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                          • #58
                            Maybe this is because I dislike web2 stuff but the power of a web app is that it is a "thin" client. All you mention here are requirements of a "thick" client. So why torture a browser with thick client tasks if a real client can do it much better? It's the same crap I fight against with programming languages. People tend to torture languages into doing things they are not designed for to begin with which is bad. There's for a reason the saying "use the right tool for the right task" or "use the right language for the right task". Browsers are for thin clients not for thick clients. It's not the right thing to do.

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                            • #59
                              Originally posted by Dragonlord View Post
                              Maybe this is because I dislike web2 stuff but the power of a web app is that it is a "thin" client. All you mention here are requirements of a "thick" client. So why torture a browser with thick client tasks if a real client can do it much better? It's the same crap I fight against with programming languages. People tend to torture languages into doing things they are not designed for to begin with which is bad. There's for a reason the saying "use the right tool for the right task" or "use the right language for the right task". Browsers are for thin clients not for thick clients. It's not the right thing to do.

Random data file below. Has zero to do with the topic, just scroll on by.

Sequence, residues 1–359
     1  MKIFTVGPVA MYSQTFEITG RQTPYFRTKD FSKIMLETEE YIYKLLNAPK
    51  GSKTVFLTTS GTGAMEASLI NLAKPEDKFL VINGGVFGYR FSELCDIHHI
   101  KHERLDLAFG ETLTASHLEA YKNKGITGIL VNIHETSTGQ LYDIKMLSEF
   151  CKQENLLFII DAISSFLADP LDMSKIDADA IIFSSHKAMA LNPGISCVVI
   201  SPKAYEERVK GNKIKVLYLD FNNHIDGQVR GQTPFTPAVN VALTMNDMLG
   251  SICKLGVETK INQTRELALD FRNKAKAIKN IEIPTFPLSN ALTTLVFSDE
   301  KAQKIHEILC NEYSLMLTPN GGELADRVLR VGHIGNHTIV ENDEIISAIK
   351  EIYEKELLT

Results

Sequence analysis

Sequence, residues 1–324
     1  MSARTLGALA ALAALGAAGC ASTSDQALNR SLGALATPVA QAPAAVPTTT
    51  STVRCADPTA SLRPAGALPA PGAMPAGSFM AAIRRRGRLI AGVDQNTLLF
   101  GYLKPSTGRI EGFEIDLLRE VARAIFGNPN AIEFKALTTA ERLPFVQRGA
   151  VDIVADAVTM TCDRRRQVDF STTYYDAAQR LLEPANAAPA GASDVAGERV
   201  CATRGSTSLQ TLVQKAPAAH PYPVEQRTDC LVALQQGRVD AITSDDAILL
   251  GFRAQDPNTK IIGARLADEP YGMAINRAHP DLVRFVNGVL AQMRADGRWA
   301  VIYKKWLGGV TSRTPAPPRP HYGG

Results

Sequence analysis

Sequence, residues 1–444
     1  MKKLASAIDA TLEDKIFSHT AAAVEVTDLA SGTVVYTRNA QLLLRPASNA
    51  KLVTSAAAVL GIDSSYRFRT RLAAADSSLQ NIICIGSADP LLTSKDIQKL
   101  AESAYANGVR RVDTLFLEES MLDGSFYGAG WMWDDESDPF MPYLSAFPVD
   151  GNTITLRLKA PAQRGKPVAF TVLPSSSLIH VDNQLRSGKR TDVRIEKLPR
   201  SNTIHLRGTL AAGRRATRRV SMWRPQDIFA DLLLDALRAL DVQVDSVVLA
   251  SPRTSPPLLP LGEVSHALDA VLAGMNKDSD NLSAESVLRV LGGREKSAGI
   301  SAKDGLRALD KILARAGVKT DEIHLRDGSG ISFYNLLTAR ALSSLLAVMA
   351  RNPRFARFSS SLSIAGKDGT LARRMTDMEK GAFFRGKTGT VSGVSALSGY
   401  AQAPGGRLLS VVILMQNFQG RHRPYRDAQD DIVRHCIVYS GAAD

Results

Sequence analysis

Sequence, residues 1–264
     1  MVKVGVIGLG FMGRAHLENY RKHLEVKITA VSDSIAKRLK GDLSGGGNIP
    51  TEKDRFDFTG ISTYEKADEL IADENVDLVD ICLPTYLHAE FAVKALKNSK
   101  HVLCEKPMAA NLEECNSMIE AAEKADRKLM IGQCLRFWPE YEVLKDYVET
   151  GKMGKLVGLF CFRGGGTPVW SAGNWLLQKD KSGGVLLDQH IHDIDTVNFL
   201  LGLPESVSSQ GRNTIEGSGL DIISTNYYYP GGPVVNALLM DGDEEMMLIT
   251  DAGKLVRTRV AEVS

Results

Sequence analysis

I agree with that. But since some companies want to do everything in the browser, it's going to be used. And from a perverse technological curiosity perspective, I like seeing a high-performance graphics engine running in a JITed language.

                              Interpreted/JITed languages also have the advantage of instant multi-platformness, which is something I like even more.

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                              • #60
                                This is true but the problem with JITed language is that they lack the power given by a machine near language like C++. I'm 100% sure that nobody could write my engine ( or any other high performance next generation engine ) using a JITed language with a similar or better performance. I noticed it more than once that doing memory hacks increased performance by a great deal especially in graphics rendering where raw firepower counts. JITed languages can not do such things since they are limited to a certain memory model which gets in the way. That's the main reason why no JITed language can outperform a properly written engine in a C++ language.